To work with another protocol, you would need either to build an entire container or to build a new connector for an existing container like Tomcat that understands that protocol. From there, you could create your own "FtpServlet" (which could extend GenericServlet) with the methods required for dealing with that protocol.
Ramesh Chandra
Greenhorn

Joined: Oct 20, 2005
Posts: 17
Originally posted by Jesper de Jong:
Ramesh, did you understand what Ulf and Ben explained?

It's not just a matter of extending GenericServlet. Normally, you have a servlet container that listens for HTTP (and HTTPS) requests. If an HTTP request is received, it calls your servlet.

If you want your servlet to be called when a client tries to contact the server via a different protocol (FTP, SMTP, whatever), you need to have server software that listens on the port for the protocol you want to use, and that software has to be able to call your servlet.

There's no ready-made server software available that can do this, so you would have to write it yourself. So it's not just a question of making your own SmtpServlet that subclasses GenericServlet.


Hi Jesper,
Thanks for ur reply
Ur Explanation is very clear.
It would be more helpful if u can explain me say for an FTP protocol to be implemented by a servlet what all needs to be done i mean what are the additional classes or interfaces that are to be implemented or extended and other related stuff that needs to be done......
Ben Souther
Sheriff

Joined: Dec 11, 2004
Posts: 13410

Originally posted by Ramesh Chandra:


Hi Jesper,
Thanks for ur reply
Ur Explanation is very clear.
It would be more helpful if u can explain me say for an FTP protocol to be implemented by a servlet what all needs to be done i mean what are the additional classes or interfaces that are to be implemented or extended and other related stuff that needs to be done......


I think Jesper's point is that it is way beyond the scope of a user's forum to try to explain how to build an entire FTP or SMTP server.
If you want to do this, I would start by finding the specifications for the the protocol you want to write for. You would then, most likely, want to look at the java.net package and learn about socket programming.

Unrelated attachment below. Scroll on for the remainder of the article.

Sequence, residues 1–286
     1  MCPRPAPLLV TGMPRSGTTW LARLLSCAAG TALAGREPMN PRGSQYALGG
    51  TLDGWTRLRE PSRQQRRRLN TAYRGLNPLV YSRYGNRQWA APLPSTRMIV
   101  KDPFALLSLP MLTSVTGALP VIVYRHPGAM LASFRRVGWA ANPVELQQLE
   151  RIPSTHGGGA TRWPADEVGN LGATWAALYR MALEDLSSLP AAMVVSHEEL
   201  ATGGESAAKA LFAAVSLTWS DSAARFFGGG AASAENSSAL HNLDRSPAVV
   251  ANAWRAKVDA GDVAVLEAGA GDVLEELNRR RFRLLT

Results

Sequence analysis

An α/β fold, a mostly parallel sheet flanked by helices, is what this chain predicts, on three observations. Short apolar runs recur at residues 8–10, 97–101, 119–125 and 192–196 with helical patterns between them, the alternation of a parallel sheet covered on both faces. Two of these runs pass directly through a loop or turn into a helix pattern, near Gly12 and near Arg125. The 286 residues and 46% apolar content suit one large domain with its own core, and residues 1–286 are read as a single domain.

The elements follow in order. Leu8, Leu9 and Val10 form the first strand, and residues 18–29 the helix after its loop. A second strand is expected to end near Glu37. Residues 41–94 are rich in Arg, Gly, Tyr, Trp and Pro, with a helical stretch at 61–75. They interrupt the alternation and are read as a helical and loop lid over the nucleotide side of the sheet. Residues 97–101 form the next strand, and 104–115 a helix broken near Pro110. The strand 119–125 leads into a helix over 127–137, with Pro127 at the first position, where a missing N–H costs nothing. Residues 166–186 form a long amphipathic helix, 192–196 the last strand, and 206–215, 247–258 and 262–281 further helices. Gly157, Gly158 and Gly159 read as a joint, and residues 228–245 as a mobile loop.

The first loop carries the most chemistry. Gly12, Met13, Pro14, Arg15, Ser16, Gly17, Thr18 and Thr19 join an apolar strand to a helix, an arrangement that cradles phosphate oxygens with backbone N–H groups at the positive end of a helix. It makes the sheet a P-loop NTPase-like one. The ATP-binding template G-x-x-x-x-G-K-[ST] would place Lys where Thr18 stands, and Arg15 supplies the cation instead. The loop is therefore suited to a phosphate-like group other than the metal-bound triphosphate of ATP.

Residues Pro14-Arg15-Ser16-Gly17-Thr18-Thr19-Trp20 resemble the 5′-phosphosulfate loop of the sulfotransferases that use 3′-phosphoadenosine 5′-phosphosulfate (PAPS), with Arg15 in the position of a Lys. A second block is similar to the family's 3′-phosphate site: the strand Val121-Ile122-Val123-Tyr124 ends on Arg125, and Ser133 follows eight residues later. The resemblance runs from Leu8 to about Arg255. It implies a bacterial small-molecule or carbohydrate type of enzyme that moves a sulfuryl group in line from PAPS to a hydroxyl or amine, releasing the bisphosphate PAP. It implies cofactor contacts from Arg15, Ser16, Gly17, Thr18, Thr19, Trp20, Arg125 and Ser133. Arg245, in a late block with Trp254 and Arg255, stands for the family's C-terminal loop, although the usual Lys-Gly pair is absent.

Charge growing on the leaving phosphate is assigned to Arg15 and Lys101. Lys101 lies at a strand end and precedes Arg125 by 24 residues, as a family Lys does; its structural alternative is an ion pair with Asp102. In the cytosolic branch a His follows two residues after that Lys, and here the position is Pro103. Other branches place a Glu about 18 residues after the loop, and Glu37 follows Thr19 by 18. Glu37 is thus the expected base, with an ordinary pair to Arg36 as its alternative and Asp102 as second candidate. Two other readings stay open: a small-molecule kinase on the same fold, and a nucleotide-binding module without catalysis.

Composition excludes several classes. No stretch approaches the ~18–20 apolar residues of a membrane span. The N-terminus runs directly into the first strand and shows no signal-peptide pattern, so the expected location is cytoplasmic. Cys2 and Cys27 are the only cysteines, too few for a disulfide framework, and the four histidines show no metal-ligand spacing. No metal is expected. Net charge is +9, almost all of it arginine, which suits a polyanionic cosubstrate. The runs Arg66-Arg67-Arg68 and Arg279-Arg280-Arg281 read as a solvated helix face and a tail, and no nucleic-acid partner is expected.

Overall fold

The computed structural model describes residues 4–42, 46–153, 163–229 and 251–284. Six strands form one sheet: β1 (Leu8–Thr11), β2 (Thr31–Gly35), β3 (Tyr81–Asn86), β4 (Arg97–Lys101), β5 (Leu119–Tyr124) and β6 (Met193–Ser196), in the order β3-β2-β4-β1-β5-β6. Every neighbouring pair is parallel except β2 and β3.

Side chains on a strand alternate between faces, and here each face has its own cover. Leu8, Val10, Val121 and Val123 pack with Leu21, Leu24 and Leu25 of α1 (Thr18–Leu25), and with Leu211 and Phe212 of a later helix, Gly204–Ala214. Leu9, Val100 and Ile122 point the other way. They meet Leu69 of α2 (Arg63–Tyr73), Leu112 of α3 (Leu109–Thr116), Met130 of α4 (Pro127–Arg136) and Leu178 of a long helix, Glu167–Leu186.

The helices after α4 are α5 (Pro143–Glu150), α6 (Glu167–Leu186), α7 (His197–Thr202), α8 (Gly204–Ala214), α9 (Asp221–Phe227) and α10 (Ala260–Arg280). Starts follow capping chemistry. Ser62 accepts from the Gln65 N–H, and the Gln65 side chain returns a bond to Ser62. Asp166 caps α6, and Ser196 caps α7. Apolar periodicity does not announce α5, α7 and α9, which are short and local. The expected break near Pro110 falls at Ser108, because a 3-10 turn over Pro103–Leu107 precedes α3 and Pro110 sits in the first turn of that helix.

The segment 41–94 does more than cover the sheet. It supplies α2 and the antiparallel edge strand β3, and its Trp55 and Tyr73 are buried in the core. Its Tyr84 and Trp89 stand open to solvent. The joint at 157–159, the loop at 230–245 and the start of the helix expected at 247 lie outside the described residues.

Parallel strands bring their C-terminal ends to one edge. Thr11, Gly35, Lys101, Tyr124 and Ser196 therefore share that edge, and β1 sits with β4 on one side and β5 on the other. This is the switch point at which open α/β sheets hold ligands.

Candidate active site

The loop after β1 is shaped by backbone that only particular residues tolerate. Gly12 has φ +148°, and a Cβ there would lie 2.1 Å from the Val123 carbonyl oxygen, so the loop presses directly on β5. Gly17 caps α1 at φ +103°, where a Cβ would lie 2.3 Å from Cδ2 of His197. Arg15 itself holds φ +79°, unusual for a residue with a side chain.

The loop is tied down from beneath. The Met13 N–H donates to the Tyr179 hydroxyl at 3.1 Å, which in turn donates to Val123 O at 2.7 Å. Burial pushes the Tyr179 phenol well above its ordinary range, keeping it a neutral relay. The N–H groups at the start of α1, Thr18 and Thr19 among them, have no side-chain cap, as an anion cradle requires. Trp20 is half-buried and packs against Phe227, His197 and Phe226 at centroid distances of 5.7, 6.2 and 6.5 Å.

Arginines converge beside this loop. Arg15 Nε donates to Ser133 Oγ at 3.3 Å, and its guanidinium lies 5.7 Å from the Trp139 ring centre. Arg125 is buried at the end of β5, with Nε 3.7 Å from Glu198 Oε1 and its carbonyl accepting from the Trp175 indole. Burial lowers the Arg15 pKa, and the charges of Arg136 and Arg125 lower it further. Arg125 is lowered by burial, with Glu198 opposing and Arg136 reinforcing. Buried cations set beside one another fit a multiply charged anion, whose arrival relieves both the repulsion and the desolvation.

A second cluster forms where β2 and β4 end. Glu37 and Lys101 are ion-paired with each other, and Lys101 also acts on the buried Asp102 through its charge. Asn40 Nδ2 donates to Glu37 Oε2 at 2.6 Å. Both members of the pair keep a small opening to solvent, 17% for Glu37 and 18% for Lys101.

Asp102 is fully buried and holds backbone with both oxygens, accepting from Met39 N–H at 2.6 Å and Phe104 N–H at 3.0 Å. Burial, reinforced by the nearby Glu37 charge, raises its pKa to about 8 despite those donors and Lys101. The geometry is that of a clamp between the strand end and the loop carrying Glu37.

The job of a servlet container is to handle all of the low level, icky stuff for you and to provide you with a nice simple interface that you can use to build your application.

At the moment, nobody has done this for any protocol other than HTTP (that I know of).
Adeel Ansari
Ranch Hand

Joined: Aug 15, 2004
Posts: 2874
Originally posted by Ramesh Chandra:
Thanks for ur reply
Ur Explanation is very clear.
It would be more helpful if u can explain me say for an FTP protocol to be implemented by a servlet what all needs to be done i mean what are the additional classes or interfaces that are to be implemented or extended and other related stuff that needs to be done......


You had better to come up with a servlet container, which is capable to handle FTP, SMTP or some other protocol requests. As we have Tomcat and some other containers for HTTP/HTTPS protocol only. Then we can surly help you further in this regard.
Ulf Dittmer
Marshal

Joined: Mar 22, 2005
Posts: 41096
    
  44
Is this an academic discussion about something that's theoretically possible, and you're just curious about what it would take to do, or do you have an actual requirement to do it? If the latter, I think it would be easier if you told us what that requirement is, and we might suggest alternatives. That's because actually implementing a non-HTTP servlet container would be a lot of work, and to me it's not clear what would be gained by doing it.
 
It is sorta covered in the JavaRanch Style Guide.